SA is not immune from global hunger epidemic
Despite enough food being produced, this does not translate into food for all, with millions of South Africans facing malnutrition and hunger
The 2018 UN Food and Agriculture Organisation (FAO) “State of Food Security and Nutrition in the World” report reveals a sad and urgent reality: World hunger is on the rise again.
The report shows a third consecutive year of increase, with the number of undernourished people worldwide increasing to nearly 821-million in 2017. Additionally, an estimated 1.9-billion people are overweight, with this section of the global population facing the accompanying risks of illness, disease and death based on their diet and health status. These alarming figures come at a time when the world actually has the capacity to produce 17% more food per person today than it did 30 years ago.
The situation in SA is no better, as poverty is seemingly on the rise. Statistics SA’s “General Household Survey, 2016” shows 7.4-million people reported experiencing hunger. One wonders how this is possible, as SA is among the top ten most food-secure countries in Africa. This is determined mostly by analysing the percentage of malnourished children and the extent of external food aid.
Additionally, the government has tried to support children born from unemployed parents by providing a support grant of R380 a month per child. Even though this is meant to help feed the child, the money goes towards supporting the whole household. Food security — where people can feed themselves with dignity, have sufficient food that can be easily accessed, and have enough food to meet their dietary needs — is a dream for many living in poverty.
Clearly, the social grants are just not enough for indigent families facing malnutrition. This is a multi-faceted condition that needs multiple interventions. Malnutrition comes about when the body is in a state where energy or nutrient intake is either deficient, excessive, or is imbalanced, resulting in undernutrition, which includes wasting (low weight-for-height), stunting (low height-for-age) and underweight (low weight-for-age).
The reality is that more and more families are finding it very difficult to afford foods from all the basic food groups necessary for health such as: (i) breads, cereals, rice, pasta, noodles; (ii) vegetables and fruit; (iii); milk, yoghurt, cheese and (iv) legumes, lean meat, fish, poultry, eggs and nuts. Many families survive on the energy dense starchy foods such as maize meal, cooking oil and potatoes, which unfortunately have no nutritional benefits when consumed on their own in excess. As much as some of the energy-dense foods may form part of the array on the recommended healthy foods list, they are basically of no use without the complementing nutrients of protein, vegetables and fruit which the indigent cannot afford.
Living on an energy-dense, micro-nutrient deficient diet leads to the increase in incidences of obesity, diabetes mellitus and cardiovascular diseases (stroke and myocardial infarction). It is becoming very common to see households adopting coping strategies such as buying larger amounts of cereals and cheaper cuts of meat, having smaller food portion sizes at meal times, or even reducing the number of meals consumed in a day, which leads to development of nutrition-related diseases and, in extreme conditions, death.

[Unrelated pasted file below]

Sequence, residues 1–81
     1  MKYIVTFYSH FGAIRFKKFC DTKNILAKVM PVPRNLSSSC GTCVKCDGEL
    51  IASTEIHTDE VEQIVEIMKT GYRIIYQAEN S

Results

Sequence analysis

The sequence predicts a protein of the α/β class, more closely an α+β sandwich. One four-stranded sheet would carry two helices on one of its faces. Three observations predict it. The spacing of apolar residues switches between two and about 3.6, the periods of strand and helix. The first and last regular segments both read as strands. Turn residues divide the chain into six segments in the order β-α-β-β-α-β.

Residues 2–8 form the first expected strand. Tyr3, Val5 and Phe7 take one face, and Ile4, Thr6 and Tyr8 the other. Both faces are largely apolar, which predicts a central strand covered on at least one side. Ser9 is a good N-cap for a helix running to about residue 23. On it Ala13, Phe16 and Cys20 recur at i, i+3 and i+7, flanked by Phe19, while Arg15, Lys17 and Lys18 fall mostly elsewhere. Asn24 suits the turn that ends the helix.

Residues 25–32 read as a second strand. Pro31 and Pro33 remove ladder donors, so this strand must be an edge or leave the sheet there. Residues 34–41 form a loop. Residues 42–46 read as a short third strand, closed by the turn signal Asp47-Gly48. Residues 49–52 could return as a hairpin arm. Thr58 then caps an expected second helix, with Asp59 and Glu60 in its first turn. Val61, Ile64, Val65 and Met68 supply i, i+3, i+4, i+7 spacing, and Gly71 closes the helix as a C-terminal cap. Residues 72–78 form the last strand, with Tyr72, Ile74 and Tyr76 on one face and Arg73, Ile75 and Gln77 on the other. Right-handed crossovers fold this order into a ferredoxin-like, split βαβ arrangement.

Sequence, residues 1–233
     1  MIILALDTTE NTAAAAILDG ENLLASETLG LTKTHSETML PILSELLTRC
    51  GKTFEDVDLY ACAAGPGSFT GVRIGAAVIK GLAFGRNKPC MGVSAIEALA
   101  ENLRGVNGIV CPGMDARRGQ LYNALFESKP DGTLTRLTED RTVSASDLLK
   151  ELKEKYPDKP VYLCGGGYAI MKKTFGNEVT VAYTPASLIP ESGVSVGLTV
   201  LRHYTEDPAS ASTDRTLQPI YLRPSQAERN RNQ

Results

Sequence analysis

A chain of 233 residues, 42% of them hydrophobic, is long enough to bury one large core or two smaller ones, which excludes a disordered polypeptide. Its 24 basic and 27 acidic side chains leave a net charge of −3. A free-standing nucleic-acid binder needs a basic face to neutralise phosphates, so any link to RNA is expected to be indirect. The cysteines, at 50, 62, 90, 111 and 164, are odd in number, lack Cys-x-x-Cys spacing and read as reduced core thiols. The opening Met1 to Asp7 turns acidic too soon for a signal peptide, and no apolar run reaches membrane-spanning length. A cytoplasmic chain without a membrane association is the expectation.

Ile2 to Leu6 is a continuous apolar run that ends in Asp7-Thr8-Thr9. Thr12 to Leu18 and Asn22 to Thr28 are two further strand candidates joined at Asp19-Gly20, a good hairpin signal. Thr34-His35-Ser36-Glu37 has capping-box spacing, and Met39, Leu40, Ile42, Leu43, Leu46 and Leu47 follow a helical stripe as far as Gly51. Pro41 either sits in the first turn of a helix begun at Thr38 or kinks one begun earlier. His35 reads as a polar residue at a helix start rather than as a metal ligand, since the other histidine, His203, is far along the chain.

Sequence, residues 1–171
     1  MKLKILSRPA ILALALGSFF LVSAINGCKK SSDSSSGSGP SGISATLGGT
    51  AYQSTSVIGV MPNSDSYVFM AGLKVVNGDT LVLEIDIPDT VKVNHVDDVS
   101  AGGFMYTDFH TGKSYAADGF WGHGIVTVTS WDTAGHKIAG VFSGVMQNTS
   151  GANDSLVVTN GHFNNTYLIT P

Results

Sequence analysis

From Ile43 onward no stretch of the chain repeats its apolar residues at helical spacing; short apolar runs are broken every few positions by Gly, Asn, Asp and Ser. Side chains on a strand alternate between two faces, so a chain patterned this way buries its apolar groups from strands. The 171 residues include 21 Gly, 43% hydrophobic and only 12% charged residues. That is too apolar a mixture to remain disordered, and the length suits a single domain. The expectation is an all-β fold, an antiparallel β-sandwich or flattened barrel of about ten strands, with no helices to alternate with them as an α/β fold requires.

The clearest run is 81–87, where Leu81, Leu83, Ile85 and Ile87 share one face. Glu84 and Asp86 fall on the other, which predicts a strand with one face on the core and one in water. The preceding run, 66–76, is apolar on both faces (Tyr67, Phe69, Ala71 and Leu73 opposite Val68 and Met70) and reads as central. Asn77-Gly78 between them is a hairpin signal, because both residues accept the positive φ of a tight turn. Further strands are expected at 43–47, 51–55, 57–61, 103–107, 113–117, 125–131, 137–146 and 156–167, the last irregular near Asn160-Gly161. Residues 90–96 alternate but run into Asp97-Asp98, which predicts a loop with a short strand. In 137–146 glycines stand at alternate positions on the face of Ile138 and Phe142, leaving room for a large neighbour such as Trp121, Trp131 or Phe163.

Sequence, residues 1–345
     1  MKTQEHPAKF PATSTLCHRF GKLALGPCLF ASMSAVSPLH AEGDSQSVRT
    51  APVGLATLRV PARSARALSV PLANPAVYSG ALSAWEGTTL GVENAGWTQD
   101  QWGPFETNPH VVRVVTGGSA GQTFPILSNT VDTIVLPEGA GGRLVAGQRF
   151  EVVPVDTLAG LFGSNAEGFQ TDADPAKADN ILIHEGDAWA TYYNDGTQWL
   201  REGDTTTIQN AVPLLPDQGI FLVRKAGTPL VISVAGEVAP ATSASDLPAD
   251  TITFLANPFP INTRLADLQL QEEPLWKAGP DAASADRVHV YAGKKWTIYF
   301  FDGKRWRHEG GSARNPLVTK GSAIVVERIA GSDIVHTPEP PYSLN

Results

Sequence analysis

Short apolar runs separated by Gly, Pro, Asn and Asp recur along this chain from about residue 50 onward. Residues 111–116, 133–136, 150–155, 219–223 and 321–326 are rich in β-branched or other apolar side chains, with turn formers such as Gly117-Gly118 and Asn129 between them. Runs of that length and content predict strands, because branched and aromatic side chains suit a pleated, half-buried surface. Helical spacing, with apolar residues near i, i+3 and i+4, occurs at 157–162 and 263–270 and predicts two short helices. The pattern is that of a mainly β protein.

This situation can be even worse for children, as it impacts children’s ability to learn. It affects their concentration, and can lead to illness and losing school time. This often leads to children dropping out before they reach high school, sentencing them to a life of poverty, unemployment, low-paying jobs, and an increased likelihood of food insecurity — a cycle that could repeat for generations to come.
Despite sufficient food being produced nationally, this does not necessarily translate into food for all. According to the “SA National Health and Nutrition Examination Survey”, 22.8% of SA households either had inadequate or severely inadequate access to food in 2014. The picture is the same globally — enough food is being produced to feed the world’s population, but this does not translate to food being equally distributed.
The saddest reality about the global food security scenario is that its impact is felt the most by any society’s most vulnerable people — mainly women and children, whose nutritional shortfall can be as much as three times higher than that of men. Hunger seems to be a problem of many inequalities.
How do we ensure that food is delivered to everyone, especially those that need it most? Are we doing enough? Do we have hopes for achieving Sustainable Development Goal 2 — “End hunger, achieve food security and improved nutrition and promote sustainable agriculture” — by 2030?
No one seems to have the answer, but at least one thing is certain: taking action is no longer just an option; it has become an absolute necessity. This means a lot of effort has to go into improving food production systems, by having more people working more closely together, globally and locally. Governments also need to develop policies focused on promoting connections between social protection, sustainable agriculture, nutrition, health, and education. The ways that different sectors and local authorities work together to improve access to nutrition and nutrition education must be significantly improved to lower the effects of malnutrition. And finally, while these collective efforts are necessary, individuals also have an urgent role to play — we must all use natural resources more wisely, to produce nutritious diets and reduce our food waste.
• Vilakazi is a project co-ordinator for the early careers research leader fellowship under the Future Africa Initiative at the University of Pretoria